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Sculpture

The Capitol or Citadel of ancient Rome stood on the Capitoline hill, the smallest of the seven hills of Rome, called the Saturnine and Tarpeian rock. It was begun B.C. 614, by Tarquinius Priscus, but was not completed till after the expulsion of the kings. After being thrice destroyed by fire and civil commotion, it was rebuilt by Domitian, who instituted there the Capitoline games.

It is recorded in the archives of Padua, says Milizia, that when Rhadagasius entered Italy, and the cruelties exercised by the Visigoths obliged the people to seek refuge in various places, an architect of Candia, named Eutinopus, was the first to retire to the fens of the Adriatic, where he built a house, which remained the only one there for several years. At length, when Alaric continued to desolate the country, others sought an asylum in the same marshes, and built twenty-four houses, which formed the germ of Venice.

This celebrated Italian paintress was born at Chiozza, near Venice, in 1675. She acquired an immense reputation, and was invited to several of the courts of Europe. Few artists have equalled Rosalba in crayon painting.

While Poussin resided at Paris, his talents, and the endowments of his mind procured him the esteem of several men of letters and distinction, among whom was the Cav. Marino, the celebrated Italian poet, who happened then to be in Paris. Marino strongly urged him to accompany him to Rome, an invitation which Poussin would gladly have accepted, had he not then been engaged in some commissions of importance, which having completed, he set out for Rome in 1624, where he was warmly received by his friend Marino, who introduced him to the Cardinal Barberini.

Next to correctness of drawing and dignity of conception, Poussin valued expression in painting. He ranked Domenichino next to Raffaelle for this quality, and not long after his arrival at Rome, he set about copying the Flagellation of St. Andrew, painted by that master in the church of S. Gregorio, in competition with Guido, whose Martyrdom of that Saint is on the opposite side of the same church.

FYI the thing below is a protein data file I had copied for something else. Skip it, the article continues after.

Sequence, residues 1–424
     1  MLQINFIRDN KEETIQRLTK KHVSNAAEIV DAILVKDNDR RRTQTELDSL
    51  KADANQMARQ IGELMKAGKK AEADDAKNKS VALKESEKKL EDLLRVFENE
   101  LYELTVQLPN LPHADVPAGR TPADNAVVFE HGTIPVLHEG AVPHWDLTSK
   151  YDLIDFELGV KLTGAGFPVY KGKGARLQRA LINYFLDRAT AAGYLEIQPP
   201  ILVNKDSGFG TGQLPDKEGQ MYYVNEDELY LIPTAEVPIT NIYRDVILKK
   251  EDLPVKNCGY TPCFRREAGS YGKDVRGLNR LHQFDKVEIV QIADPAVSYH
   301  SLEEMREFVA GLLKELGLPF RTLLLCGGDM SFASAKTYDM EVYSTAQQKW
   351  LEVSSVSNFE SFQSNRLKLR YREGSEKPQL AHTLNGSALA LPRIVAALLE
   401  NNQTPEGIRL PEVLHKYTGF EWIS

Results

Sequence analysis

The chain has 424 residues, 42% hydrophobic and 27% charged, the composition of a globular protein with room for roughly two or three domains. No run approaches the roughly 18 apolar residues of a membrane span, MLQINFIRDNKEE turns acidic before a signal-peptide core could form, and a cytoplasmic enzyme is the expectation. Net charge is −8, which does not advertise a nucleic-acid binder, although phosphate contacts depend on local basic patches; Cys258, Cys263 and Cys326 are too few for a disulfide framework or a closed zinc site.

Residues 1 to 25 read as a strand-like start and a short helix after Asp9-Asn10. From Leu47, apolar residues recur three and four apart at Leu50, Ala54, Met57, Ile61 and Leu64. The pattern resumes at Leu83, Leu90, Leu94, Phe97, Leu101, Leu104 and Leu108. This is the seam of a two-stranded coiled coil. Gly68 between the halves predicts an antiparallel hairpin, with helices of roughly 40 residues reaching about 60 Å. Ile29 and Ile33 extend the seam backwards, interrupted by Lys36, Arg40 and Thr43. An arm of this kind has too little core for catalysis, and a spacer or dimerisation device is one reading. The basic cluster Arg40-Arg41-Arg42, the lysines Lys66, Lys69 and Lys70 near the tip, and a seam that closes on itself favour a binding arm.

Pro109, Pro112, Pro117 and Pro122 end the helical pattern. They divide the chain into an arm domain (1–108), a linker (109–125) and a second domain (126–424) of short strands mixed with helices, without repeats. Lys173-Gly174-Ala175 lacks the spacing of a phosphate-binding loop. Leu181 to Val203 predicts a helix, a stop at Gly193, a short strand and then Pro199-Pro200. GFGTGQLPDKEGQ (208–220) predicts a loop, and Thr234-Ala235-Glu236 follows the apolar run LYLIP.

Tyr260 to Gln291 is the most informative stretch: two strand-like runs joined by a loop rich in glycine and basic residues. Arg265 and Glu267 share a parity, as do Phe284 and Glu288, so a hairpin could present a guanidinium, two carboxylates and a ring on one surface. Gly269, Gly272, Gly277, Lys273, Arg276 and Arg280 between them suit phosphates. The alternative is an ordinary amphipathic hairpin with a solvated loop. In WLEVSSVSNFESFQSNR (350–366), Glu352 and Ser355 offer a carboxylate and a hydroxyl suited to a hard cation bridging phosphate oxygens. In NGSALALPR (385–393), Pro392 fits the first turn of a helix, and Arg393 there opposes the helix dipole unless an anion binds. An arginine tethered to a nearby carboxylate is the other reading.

The subjects of Brower were of the lowest order, representing the frolics of his pot companions; but his expression is so lively and characteristic, his coloring so transparent and brilliant, and the passions and movements of his figures are so admirably expressed, that his works have justly elicited the applause of the world. They are highly valued, and in consequence of his irregular life, are exceedingly scarce. Brower also etched a few plates in a very spirited style.

A labyrinth, with the ancients, was a building containing a great number of chambers and galleries, running into one another in such a manner as to make it very difficult to find the way through the edifice. The most famous was the Egyptian labyrinth, situated in Central Egypt, above Lake Moeris, not far from Crocodilopolis, in the country now called Fejoom. Herodotus, who visited and examined this edifice with great attention, affirms that it far surpassed everything he had conceived of it.

José Antonilez, a Spanish painter, studied under Francisco Rizi at Madrid. When the latter was occupied in preparing some new scenery for the theatre at Buon Retiro, Antonilez spoke of him as a painter of foot-cloths—an expression which was soon communicated to his master. Rizi immediately administered a wholesome practical rebuke, by commanding the attendance of Antinolez on his Majesty's service, and ordering him to execute a piece of painting in distemper.

Modern Rome is about thirteen miles in circuit, and is divided by the Tiber into two parts. In 1830, Rome contained 144,542 inhabitants, 35,900 houses, 346 churches, 30 monasteries, and upwards of 120 palaces. The view of the majestic ruins; the solemn grandeur of the churches and palaces; the recollections of the past; the religious customs; the magic and almost melancholy tranquillity which pervades the city; the enjoyment of the endless treasures of art—all conspire to raise the mind of the traveler to a high state of excitement.

Notwithstanding she received so many flattering marks of distinction from crowned heads, Rosalba's native modesty never deserted her, and she seemed to esteem her works less than did many of her admirers, because she was sensible how far she fell short of her idea of perfection. "Everything I do," said she, "seems good enough to me just after I have done it, and perhaps for a few hours afterwards, but then I begin to discover my imperfections!" Thus it is with true merit; those who are superficial or pretending can never find out, or never will acknowledge their own faults.

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